Katy Milkman is one of my favorite thinkers and researchers working today. I’ve long enjoyed her papers on the practical science of behavior change. Her new book, How to Change, is wonderful (review coming in a couple weeks) and she was kind enough to take the time to answer questions about her favorite books.
1. You study human behavior—especially behavioral change. What are the classic/great books on that subject that you refer back to you a lot or that have particularly shaped your own research and line of work?
The two classic books in my area that I refer to over and over again are Nudge: Improving Decisions about Health, Wealth and Happiness by Richard Thaler and Cass Sunstein and Influence: The Psychology of Persuasion by Robert Cialdini. Their titles give a pretty good summary of the material they cover!
2. Are there any dark horse books from your field that the average modern reader may not have heard about, but is worth their attention?
Ah, that’s an easy one! I’ll go with The Winner’s Curse: Paradoxes and Anomalies of Economic Life by Richard Thaler. It’s a book that most people haven’t read, but it’s brilliant. It’s actually the book that convinced me to become behavioral scientist.
3. You mentioned in our Art of Manliness interview that James Patterson's Alex Cross series is a guilty pleasure for you. Can you pinpoint what you enjoy about that series? Any others that you feel like divulging?
Admittedly, the Alex Cross series is a bit formulaic, but it’s also reliably exciting. I love listening to books while I exercise, and the right book to pair with an intense workout needs to fit a certain profile. It needs enough action and suspense to hold my attention, but it can’t be too complicated—if there are a lot of different threads to keep track of, I get lost while I’m pushing myself at the gym. Some of the books I found particularly well-suited to enjoying during exercise include anything by Dan Brown, The Hunger Games books, the Sookie Stackhouse series (best known as the basis for the HBO show True Blood), and the Harry Potter novels.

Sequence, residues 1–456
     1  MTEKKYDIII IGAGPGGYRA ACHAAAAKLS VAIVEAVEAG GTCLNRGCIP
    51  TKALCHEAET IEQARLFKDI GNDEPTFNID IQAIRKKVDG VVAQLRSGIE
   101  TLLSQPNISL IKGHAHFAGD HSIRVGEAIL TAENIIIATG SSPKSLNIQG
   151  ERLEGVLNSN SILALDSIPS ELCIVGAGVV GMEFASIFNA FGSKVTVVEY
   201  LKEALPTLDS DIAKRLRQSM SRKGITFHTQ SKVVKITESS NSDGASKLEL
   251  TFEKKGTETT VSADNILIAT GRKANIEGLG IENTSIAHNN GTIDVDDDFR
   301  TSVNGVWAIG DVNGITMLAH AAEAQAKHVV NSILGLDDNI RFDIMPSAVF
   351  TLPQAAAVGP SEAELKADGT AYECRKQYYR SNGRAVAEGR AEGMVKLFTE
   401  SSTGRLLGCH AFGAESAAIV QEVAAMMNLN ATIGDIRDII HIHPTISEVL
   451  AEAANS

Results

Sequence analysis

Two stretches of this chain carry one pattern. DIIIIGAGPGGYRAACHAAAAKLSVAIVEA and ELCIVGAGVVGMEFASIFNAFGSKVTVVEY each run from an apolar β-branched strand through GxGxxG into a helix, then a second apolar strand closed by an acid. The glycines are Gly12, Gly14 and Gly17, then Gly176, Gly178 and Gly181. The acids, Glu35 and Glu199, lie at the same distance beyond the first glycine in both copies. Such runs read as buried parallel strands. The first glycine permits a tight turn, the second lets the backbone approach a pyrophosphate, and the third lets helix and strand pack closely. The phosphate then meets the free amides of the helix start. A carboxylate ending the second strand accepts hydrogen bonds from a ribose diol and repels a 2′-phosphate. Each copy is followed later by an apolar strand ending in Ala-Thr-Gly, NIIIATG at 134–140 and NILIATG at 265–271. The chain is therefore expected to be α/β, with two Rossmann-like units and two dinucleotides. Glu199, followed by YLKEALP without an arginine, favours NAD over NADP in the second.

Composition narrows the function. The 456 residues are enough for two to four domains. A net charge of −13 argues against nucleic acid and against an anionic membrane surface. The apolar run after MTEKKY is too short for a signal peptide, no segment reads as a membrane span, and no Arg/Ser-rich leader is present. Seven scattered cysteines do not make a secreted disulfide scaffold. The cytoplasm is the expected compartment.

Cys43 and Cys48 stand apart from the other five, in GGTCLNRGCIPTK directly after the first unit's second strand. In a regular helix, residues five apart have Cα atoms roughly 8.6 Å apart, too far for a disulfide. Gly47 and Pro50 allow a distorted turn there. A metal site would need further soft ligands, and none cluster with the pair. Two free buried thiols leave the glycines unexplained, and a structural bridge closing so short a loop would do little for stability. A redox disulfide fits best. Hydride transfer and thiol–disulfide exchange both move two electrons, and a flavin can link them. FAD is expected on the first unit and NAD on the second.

4. What else do you read outside of "work" reading (which I imagine is mostly psychology, research, etc.)? Any authors or other genres you really like?
I’m a fiction lover. I adore Haruki Murakami, Elena Ferrante, F. Scott Fitzgerald, Leo Tolstoy, Jane Austen, and Jeffrey Eugenides. My first research project ever, actually, which I did as a college senior, was a statistical analysis of a decade of New Yorker fiction (you can read about it here), and I discovered Eugenides on that adventure.
5. What are you reading and enjoying right now? What's next on your list?
I just finished Big Summer by Jennifer Weiner, which was a fun escape (and I enjoyed that it was written by a Philadelphia author). Next on my list is First Person Singular: Stories by Haruki Murakami.
6. Any all-time favorite books that have especially stuck with you and/or shaped your thinking over the years? Books that you think about a lot? Fiction, non-fiction, whatever it is.
What a great question. There are so many books I want to list, but I’ll try to refrain from going on forever. Middlesex by Jeffrey Eugenides is one. The Neopolitan Novels by Elena Ferrante were also amazing and haunting. A couple of non-fiction books that I think about often are The Nine by Jeffrey Toobin and The Hot Zone by Richard Preston. My favorite book as a teenager was A Tree Grows in Brooklyn by Betty Smith, and I’m looking forward to re-reading it with my son when he’s old enough. Typical American by Gish Jen really made an impression on me, as did Call Me If You Need Me by Raymond Carver. And then there’s Bossypants by Tina Fey—a book that made me laugh so hard I cried (I still sometimes find myself thinking about it and giggle spontaneously). Finally, Open by Andre Agassi is simply incredible.